With regards to revenue, you can either look at it through a top down or bottoms up. Top down is looking at your total available market and assuming how much of the market you will be able to address. This might be helpful as a "reality check" for your projections or even a way to get some basis for how quickly you can grow or if there is a market. The more thorough approach is bottoms up. In this scenario you project the specific sales you will make. This can be based on initial market feedback, comparison with competitors (i.e. their growth), or making assumptions on how much you can sell - e.g. x number of sales people with target sales of y and any growth expected.
As always there are a lot of factors to consider and any projections are a work in progress. Part of this process is to make sure you understand the addressable market and the dynamics that will influence your business and capital needs.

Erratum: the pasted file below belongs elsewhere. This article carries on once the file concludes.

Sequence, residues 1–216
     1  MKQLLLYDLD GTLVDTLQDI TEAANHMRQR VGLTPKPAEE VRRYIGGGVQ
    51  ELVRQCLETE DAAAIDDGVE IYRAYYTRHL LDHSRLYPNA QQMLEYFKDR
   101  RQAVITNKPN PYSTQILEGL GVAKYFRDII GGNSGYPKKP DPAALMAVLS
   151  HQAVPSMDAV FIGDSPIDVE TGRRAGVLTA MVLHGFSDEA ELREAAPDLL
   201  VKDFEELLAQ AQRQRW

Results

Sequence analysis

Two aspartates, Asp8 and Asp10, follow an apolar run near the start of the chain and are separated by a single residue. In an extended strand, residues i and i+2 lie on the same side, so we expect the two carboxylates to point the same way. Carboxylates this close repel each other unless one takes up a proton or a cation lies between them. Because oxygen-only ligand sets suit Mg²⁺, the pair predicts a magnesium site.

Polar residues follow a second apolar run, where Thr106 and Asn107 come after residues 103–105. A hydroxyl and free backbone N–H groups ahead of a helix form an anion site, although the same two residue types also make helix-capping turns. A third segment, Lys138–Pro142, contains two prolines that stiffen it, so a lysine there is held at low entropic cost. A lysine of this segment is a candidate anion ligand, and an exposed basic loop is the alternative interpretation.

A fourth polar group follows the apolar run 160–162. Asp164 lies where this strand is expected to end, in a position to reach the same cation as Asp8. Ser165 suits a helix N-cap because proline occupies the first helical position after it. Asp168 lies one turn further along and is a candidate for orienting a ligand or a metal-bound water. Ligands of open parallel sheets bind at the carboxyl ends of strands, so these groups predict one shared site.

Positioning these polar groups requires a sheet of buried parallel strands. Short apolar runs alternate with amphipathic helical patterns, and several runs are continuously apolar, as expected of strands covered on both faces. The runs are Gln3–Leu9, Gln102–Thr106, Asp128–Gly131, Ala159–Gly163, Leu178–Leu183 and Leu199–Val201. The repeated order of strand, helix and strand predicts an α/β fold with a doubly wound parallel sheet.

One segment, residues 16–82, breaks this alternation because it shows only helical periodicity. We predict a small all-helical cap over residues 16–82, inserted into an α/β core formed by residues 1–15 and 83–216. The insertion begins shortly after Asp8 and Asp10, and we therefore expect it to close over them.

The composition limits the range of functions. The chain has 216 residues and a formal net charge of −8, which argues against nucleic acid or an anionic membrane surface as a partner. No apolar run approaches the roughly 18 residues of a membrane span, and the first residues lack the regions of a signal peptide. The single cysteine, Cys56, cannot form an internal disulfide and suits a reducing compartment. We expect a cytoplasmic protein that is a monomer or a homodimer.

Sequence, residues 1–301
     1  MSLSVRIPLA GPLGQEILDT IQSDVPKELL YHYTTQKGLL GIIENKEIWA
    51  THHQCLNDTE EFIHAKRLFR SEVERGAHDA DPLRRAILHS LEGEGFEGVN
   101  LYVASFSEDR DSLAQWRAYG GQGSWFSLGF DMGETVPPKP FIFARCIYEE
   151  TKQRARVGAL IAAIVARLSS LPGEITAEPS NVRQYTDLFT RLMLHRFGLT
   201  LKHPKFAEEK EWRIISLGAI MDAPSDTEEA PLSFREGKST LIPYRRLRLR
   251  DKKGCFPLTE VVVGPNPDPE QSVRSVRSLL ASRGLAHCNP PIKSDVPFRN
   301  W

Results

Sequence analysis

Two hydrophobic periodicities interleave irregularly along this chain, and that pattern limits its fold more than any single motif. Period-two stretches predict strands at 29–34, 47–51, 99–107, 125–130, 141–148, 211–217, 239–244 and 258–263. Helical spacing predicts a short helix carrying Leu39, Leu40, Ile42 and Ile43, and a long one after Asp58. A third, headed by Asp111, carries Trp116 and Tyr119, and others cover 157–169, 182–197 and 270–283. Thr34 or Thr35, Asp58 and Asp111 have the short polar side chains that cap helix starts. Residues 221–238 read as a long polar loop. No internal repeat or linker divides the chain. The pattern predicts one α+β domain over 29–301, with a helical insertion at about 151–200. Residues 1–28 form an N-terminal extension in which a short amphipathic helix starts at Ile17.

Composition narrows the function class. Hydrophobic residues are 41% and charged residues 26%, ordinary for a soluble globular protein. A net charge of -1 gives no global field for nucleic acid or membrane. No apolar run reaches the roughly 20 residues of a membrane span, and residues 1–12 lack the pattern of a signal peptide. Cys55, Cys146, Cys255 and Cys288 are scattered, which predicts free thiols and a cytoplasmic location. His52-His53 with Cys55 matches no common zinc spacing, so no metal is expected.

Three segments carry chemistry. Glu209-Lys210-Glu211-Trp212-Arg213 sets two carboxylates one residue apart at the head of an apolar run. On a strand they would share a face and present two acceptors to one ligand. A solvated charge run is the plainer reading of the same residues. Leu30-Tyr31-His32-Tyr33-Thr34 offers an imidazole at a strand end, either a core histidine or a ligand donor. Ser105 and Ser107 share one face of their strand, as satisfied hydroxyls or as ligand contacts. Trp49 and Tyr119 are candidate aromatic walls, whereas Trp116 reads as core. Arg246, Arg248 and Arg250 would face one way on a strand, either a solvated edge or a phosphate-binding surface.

The best place to begin any projection is with an initial break-even analysis for the first year of operations. That entails estimating your start-up costs, both fixed and variable. Then you need to figure out how much of what you plan to sell you will have to sell to cover those costs. This is where the analysis of who you are going to try to sell to becomes the real question for you and any angel investor. What type of customer, buying how much of your products or services can you justify, considering your competition? What is faster, better, or cheaper, about your value proposition to convince prospective customers to switch? If you watch "Shark Tank" you will see how difficult it is for many entrepreneurs to justify the investment they are looking for from the "Sharks". Your angel investors have the same questions - what is your justification?
Hi Anisia ,
Broadly speaking, initially to put together the projections you need to focus on what you have in your mind .
Try and jot down for each year the following:
1-The volume or units to be sold or services rendered each year.
2-The price of each product or services each year with the price increases.
1 and 2 will give you the sales for each year.
3-Cost of units to be sold or services to be rendered.